Tag Archives: evangelism

Today’s Scripture – October 10, 2018

John 12:17-22 (NIV)

Now the crowd that was with him when he called Lazarus from the tomb and raised him from the dead continued to spread the word. Many people, because they had heard that he had given this miraculous sign, went out to meet him. So the Pharisees said to one another, “See, this is getting us nowhere. Look how the whole world has gone after him!”

Now there were some Greeks among those who went up to worship at the Feast. They came to Philip, who was from Bethsaida in Galilee, with a request. “Sir,” they said, “we would like to see Jesus.” Philip went to tell Andrew; Andrew and Philip in turn told Jesus.

There were quite a few people who had been at Lazarus’ tomb when Jesus raised him from the dead. Many of those had gone to the dinner at Lazarus’ house the night before His triumphal entry and had accompanied Jesus as he rode into the city, waving palm branches, and shouting praises to God.

When people in Jerusalem asked them what the big deal was, they told them about Lazarus, and about all the other things that Jesus had done. These new people then flocked to Jesus to see and her Him.

All of this dismayed the Pharisees, who were watching Jesus’ entrance with a mixture of fear and disgust. They had hoped to have Jesus quietly arrested the moment He came into town for the feast, but that plan was absolutely out the window now. There was no way that they could arrest Jesus from out of the midst of this excited crowd without causing a riot. It was back to the drawing board.

Among those swept up in the excitement were some Greek-speaking Jews who had come from the western reaches of the empire to celebrate the Passover in Jerusalem. Embarrassed by their poor Aramaic skills, they wouldn’t just go to Jesus. Instead, they approached Philip and asked for an introduction. The draw to Philip was two-fold. First, his name, Philip, was a Greek name, not a Hebrew one. Second, coming from Galilee, a much more cosmopolitan part of the country, he spoke Greek quite well.

Jesus was surrounded by people, so getting to Him in this crush was no small feat. While the Greek-speakers waited on the edge of the crowd, Philip found Andrew, and together the two of them worked their way over to where Jesus was teaching and passed the request to Him.

Father, seeing and hearing about Jesus and the wonders He has done still inspires excitement and causes people to want to meet Him for themselves. Thus, the importance of our witness – not just of Jesus’ historical wonders, but of the wonders that He is doing in our own lives right now. And people still need someone who already knows Jesus to make the introduction, to bring them to Jesus so that they can establish their own relationship with Him. Help me, Lord, to always keep in mind these two vital roles that I am commanded to play as part of Your kingdom (Matthew 28:18-20). Amen.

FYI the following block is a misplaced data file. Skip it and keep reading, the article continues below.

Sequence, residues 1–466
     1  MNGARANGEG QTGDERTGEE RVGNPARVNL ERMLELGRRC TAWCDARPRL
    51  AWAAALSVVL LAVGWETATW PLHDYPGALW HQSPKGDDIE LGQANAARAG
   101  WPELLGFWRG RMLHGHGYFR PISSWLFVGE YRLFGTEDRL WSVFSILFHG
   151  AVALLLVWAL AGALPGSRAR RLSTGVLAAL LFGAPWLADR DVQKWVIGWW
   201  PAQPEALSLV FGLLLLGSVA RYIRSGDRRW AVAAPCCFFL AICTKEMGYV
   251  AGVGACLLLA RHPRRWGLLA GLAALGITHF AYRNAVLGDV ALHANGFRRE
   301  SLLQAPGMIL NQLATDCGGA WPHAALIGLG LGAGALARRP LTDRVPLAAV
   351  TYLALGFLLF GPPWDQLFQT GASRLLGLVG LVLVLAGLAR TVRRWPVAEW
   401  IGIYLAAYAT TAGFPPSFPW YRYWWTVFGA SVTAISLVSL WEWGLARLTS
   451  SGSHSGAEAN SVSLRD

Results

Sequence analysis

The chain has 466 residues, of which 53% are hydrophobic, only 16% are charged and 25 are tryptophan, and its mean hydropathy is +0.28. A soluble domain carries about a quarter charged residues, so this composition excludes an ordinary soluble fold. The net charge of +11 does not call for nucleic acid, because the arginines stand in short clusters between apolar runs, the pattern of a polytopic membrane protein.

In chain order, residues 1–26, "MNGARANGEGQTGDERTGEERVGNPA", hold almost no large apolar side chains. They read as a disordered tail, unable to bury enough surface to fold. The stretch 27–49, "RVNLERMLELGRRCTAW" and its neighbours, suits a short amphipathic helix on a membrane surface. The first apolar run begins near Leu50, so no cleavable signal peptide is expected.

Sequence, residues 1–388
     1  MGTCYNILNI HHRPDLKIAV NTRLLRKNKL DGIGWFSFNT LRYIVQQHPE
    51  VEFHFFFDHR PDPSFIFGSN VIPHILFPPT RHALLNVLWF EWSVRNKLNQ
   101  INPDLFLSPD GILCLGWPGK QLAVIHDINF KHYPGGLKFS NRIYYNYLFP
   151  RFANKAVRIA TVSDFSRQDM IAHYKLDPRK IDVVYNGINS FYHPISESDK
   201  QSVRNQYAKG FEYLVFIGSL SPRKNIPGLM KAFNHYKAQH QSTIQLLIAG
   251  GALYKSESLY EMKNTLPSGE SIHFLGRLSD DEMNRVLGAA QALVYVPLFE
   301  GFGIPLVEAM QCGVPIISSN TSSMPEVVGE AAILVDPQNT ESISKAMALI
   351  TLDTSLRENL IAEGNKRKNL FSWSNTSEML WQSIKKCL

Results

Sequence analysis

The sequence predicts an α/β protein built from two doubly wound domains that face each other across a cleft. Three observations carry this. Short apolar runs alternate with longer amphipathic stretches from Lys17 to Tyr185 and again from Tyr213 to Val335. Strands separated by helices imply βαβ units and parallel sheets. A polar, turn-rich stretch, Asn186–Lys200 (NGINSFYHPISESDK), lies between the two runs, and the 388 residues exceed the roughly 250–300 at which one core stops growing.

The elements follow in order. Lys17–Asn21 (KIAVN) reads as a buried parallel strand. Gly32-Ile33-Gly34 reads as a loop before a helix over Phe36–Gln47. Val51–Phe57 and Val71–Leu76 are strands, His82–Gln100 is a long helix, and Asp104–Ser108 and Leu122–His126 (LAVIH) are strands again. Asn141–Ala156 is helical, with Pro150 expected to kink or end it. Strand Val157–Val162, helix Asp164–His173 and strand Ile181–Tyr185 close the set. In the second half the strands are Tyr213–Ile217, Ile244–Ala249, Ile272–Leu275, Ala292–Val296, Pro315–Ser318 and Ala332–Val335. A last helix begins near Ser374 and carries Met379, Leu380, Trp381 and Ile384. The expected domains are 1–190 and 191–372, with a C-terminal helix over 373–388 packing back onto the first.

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Today’s Scripture – July 3, 2018

Luke 24:44-49 (NIV)

He said to them, “This is what I told you while I was still with you: Everything must be fulfilled that is written about me in the Law of Moses, the Prophets and the Psalms.”
Then he opened their minds so they could understand the Scriptures. He told them, “This is what is written: The Christ will suffer and rise from the dead on the third day, and repentance and forgiveness of sins will be preached in his name to all nations, beginning at Jerusalem. You are witnesses of these things. I am going to send you what my Father has promised; but stay in the city until you have been clothed with power from on high.”

The disciples had calmed down enough that Jesus was able to help them start to understand some of what was going on. They shock of seeing Him alive was starting to fade, and in its place was a sense of awe at what they were experiencing.

But Jesus wasn’t going to waste a lot of time on niceties and chitchat. Luke actually compresses the teachings that Jesus gave to His followers over the 40-day span between His resurrection and His ascension into heaven (Acts 11:3) into the last ten verses of his gospel, hitting all of the high points, and leaving the details to be illustrated by the lives and the sermons of the post-Pentecost apostles as shown in the book of Acts.